French Muslim leaders opened on Friday, March 29, the Bourget’s 30th annual gathering in a climate of anxiety resulting from the recent controversy about hijab ruling.
“There is a real sense of unease among us,” Ahmed Jaballah, the president of the Union of Islamic Organizations of France (UOIF), told Agence France Presse (AFP). “The latest statements on secularism show that there is a drift away,” he added.
Ahmed was referring to the recent controversy which followed a ruling by France’s top court that the dismissal of a Muslim woman from a private nursery school for refusing to remove her hijab amounted to “religious discrimination”.
In an unusual move, French Interior Minister Manuel Valls criticized the ruling against the nursery school as putting “secularism into question”.
Organized by the Union of Islamic Organizations of France (UOIF), the event opened to discuss several topics of interest for French Muslims.
Opened in the northeastern Paris suburb of Le Bourget, the conference will be held from March 29 to April 1 under the slogan of “Islam Message… ‘Peace, Justice, and Dignity.’”
Attracting more than 100,000 visitors annually, Le Bourget’s attendants will be able to visit a 15,000 square meter exhibition space in which typical products from the Arab and Muslim world will be displayed.
There will also be an exhibition on the life of the Prophet Muhammad (peace be upon him).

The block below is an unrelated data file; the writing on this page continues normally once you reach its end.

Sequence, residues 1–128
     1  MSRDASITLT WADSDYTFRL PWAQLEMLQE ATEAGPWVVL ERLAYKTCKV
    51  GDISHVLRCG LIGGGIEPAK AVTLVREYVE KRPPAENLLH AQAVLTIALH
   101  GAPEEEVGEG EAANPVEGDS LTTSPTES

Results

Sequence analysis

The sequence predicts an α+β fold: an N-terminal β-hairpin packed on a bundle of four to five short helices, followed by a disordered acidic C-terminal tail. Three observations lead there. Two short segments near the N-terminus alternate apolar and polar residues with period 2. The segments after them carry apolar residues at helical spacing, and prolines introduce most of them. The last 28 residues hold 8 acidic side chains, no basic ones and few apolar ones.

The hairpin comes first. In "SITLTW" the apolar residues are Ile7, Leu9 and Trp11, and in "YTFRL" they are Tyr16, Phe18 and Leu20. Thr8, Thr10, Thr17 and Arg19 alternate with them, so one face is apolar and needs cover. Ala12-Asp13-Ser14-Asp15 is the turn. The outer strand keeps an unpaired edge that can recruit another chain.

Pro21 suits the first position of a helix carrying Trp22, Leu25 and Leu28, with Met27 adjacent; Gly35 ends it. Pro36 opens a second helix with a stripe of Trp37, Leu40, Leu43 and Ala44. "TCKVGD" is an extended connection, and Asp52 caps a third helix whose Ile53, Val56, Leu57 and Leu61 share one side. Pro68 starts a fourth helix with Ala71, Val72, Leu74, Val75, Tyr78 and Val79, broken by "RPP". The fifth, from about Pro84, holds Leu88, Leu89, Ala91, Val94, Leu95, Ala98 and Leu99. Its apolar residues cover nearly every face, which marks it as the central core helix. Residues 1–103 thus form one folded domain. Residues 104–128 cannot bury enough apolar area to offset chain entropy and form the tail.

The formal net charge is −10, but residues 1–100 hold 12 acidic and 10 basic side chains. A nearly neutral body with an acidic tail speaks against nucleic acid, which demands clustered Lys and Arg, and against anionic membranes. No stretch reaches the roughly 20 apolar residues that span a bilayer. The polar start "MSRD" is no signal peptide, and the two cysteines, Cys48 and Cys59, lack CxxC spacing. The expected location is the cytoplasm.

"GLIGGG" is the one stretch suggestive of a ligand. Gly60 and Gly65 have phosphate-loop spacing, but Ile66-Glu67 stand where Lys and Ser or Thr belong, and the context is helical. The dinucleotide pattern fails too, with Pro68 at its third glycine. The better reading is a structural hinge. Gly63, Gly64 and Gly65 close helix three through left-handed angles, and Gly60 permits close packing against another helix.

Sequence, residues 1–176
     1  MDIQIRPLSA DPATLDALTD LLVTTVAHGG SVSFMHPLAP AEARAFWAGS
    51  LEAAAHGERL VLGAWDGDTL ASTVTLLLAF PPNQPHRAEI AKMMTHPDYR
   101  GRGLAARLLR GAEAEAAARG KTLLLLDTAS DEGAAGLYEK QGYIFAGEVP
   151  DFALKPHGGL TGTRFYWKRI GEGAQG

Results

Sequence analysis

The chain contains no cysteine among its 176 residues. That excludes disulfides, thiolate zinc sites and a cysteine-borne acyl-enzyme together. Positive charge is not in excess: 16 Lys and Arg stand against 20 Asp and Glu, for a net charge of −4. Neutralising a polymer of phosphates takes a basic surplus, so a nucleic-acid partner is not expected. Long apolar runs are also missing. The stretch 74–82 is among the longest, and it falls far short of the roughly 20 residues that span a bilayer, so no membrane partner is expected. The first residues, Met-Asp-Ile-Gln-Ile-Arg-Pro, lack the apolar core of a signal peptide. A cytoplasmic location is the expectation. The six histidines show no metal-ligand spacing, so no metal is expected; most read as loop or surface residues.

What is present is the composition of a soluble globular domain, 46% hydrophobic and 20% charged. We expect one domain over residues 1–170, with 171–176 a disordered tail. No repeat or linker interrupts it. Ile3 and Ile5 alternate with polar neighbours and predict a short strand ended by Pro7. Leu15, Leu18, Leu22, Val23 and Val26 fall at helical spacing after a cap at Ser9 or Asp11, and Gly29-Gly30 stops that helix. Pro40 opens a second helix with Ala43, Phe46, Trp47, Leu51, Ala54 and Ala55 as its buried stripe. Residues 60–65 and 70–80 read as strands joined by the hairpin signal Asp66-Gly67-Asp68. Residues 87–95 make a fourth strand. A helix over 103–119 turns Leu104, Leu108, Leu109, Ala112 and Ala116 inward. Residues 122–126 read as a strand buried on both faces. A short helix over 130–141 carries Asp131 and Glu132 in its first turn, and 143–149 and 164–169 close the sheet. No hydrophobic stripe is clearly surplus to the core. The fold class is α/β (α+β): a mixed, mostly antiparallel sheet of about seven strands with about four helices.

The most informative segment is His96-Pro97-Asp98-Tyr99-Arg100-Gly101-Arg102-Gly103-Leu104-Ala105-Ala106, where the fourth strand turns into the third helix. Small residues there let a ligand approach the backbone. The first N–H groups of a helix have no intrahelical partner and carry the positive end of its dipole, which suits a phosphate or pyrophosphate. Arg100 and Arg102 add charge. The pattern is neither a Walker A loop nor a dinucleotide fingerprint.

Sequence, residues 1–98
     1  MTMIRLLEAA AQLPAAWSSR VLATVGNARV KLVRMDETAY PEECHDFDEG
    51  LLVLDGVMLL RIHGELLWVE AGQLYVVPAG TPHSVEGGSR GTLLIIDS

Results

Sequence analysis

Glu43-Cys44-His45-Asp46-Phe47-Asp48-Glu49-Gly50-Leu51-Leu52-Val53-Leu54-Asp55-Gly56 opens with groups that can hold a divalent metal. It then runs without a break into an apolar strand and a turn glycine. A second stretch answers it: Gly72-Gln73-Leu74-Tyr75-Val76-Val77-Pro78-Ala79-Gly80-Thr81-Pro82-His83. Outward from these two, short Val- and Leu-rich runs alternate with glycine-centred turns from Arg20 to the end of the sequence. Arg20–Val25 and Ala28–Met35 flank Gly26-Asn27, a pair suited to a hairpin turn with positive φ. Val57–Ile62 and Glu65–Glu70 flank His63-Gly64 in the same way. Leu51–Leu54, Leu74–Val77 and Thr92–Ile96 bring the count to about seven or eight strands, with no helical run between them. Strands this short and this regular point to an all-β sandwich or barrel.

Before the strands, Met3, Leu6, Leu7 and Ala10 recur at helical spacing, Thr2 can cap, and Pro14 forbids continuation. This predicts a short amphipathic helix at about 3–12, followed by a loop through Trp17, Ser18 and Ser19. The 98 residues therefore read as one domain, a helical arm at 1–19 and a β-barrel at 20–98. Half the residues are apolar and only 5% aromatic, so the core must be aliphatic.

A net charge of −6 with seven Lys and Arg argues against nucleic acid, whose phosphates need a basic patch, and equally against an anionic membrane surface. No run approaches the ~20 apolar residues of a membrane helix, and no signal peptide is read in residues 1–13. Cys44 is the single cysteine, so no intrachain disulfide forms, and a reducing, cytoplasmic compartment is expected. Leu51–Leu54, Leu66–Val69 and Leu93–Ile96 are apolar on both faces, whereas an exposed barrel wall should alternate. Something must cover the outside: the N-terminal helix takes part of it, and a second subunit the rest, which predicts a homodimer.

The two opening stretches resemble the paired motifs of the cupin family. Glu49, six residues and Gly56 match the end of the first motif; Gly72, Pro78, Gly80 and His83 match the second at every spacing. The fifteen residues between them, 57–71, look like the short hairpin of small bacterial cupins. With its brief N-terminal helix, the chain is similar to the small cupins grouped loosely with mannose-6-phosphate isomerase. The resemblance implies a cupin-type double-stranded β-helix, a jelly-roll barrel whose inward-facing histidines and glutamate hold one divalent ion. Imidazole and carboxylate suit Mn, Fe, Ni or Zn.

Several Italian Muslim organizations will be attending, including the Islamic Alliance, which is laying on coaches to Paris leaving from the northern Italian city of Verona.
The prominent Swiss Muslim intellectual Tariq Ramadan will attend the second day of the conference, which closes next Monday.
Le Bourget has become a fixture in the French calendar, a chance for Muslims to meet, hear speeches from intellectuals and scholars. Thousands of Muslims came in droves to the annual gala, going through a miscellany of books and items on display, attending lectures and vying in contests for the memorization of the Qur’an.
More than 150,000 Muslims from across Europe were expected to attend this year’s activities, with young women in their unmistakable hijabs and enthusiastic young men making up the bulk of attendees.
France is home to some six to seven million Muslims, the largest Muslim minority in Europe.